October 13, 2013: 10 Religious Activity Disasters (What Do They Mean?)

Navratri Festival

A Brief History

On October 13, 2013 (too many “13’s” in that date?), 115 Indians were killed and another 110 injured during the Hindu festival of Navratri at the Ratangahr Mata Temple in India when a stampede occurred on a bridge.  Today we list 10 such unhappy times when a religious activity or celebration went terribly wrong.  What do these disasters mean?  Is God or “The Gods” angry with the people?  Are these mere accidents, or are they “the will of God?”  Did these people deserve to die?  Are these incidents a sign?  Feel free to tell us what you think about these incidents and whether or not they have any correlation to religion or are just human misfortune.  (BTW, Today, October 13, 2017, is Friday the 13th!)

Digging Deeper

1. Navratri Festival, 2013.

A common Indian Hindu festival held each Autumn for 10 days and 9 nights, the method and reason for celebrating varies from region to region.  Dancing, recitals, plays, rituals with sacred statues, chanting Hindu scripture, fancy decorations, and other festivities are all part of the celebration, which coincides with the Monsoon and growing seasons.  Alternately called Navrathri or Sharad Navratri, the festival celebrates the victory of Rama over the demon king Ravana, or the victory of the Goddess Durga over the buffalo demon, restoring Dharma.  (You may recognize the word Dharma from the tv show Lost.  Dharma is a nebulous term roughly meaning accord and stasis, or harmony or something like that…)  In other areas of India, other struggles between Gods and demons are celebrated.  The deadly stampede was caused when a section of railing broke, and a rumor that the bridge was going to collapse raced through the crowd of 25,000 people on the bridge, triggering the stampede.  Other reasons for the stampede have been postulated, and estimates of the actual death toll are as high as 400. In 2006, another 56 people were killed at the same location at the  Navratri, this time when water released from an upstream river washed away the religious celebrants.

2. Mecca Hajj, 2015.

Every year Muslim pilgrims from around the world flock to the Holy City of Mecca in Saudi Arabia to make their pilgrimage, called the Hajj.  Many times over the years disasters have taken the lives of hundreds of pilgrims, mostly from stampedes and trampling by enormous crowds, although some incidents occurred during “stoning rituals.”  In 2015, the largest loss of life during a Hajj happened when a crowd stampeded, resulting in an announced 4173 deaths (unknown how many injured).  Later, Saudi officials changed the official death toll a couple times, settling on less than 800 deaths in an obvious attempt to minimize the bad publicity.  Other estimates are in the 2200-2400 deaths range. In 1975 a tent fire claimed 200 victims at the Hajj, and in 1997 another tent fire killed 343 pilgrims and injured at least 1500 more.  In 1990 1426 people died, crushed in the crowd. In 2006 a Mecca hotel collapse killed at least 76 during the Hajj.

3. Mecca Hajj, 1987.

Unlike the many other fatal incidents during the Hajj, the 1987 incident was plainly man-made.  A riot broke out between pilgrims of the 2 main Islamic sects, Sunni and Shia Muslims, resulting in the deaths of over 400 of the faithful.  Iranian demonstrators (Shia) clashed with Saudi security police (Sunni) resulting in most of the deaths.  (Muslims are required to make at least 1 Hajj during their lifetime, although some attempt to make many more pilgrimages than just 1.  In recent years over a million people attend the Hajj each year.)  Between 1973 and 1991 at least 6 airplane crashes carrying pilgrims to or from Mecca for the Hajj resulted in the deaths of at least 156 people in one crash to over 300 dead in another.  Many pilgrims also spread disease among each other each year, resulting in scores or even hundreds of deaths each Hajj.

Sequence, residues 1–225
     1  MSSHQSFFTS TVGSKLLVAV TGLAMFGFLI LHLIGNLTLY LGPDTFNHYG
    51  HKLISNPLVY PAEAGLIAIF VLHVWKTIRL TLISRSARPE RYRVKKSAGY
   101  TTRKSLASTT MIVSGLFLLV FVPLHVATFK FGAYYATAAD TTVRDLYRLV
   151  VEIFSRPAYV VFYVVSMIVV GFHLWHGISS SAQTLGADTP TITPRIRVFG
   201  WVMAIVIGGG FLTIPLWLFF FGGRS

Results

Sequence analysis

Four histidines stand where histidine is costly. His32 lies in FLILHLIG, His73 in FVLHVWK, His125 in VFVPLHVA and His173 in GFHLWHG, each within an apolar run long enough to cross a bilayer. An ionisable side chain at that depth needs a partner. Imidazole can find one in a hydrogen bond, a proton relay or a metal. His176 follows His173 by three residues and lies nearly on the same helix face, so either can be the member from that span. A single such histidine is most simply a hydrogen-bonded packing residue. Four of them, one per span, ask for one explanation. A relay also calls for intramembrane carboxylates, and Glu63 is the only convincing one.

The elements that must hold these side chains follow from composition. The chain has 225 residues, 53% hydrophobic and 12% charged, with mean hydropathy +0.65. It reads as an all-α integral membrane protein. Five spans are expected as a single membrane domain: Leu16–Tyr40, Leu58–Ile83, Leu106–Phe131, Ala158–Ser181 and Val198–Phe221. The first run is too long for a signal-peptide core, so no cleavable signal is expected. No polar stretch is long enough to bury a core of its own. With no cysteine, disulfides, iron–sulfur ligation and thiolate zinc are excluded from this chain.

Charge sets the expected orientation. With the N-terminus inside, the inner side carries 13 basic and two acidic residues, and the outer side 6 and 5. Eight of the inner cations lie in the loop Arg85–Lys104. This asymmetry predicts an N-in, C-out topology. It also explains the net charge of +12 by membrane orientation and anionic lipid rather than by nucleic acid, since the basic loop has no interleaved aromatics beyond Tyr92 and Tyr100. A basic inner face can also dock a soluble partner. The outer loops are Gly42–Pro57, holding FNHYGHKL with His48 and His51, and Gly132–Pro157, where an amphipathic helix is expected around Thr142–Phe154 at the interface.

4. Uyo Church Collapse, 2016.

While holding a ceremony to consecrate a bishop at the Reigners Bible Church International in Oyo, Nigeria, thousands of people attended to observe the ceremony.  Even local and regional government officials attended.  Part way through the ceremony, the roof of the church collapsed from the center portion, killing as many as 160 people.  Apparently the building had only just been completed, although some reports that the work was not even finished circulated.  As usual, government official death toll numbers were less than the obvious amount of people killed.

5. Shiloh Baptist Church Panic, 1902.

An African American church located in Birmingham, Alabama suffered a tragedy when a dispute broke out at the end of a service in which Booker T. Washington addressed a crowd of 3000 people.  An argument over a seat in the choir resulted in someone shouting “Fight!” which was misheard as “Fire” causing a stampede that killed 115 people.  As a minister raced to the podium to urge calm and yelled “Quiet!” he was misheard as again warning of the non-existent fire.  Panic ensued unabated.  With the church main floor about 15 feet above ground level, the rush of people to the stairs at the exit resulted in many being pushed over and falling, with hundreds of other people falling on top of those that fell first, crushing the people on the bottom.  Many other people that fell or were crushed suffered serious injuries, such as broken bones.  Many of the dead had suffocated.

6. Carrollton Bus Crash, 1988.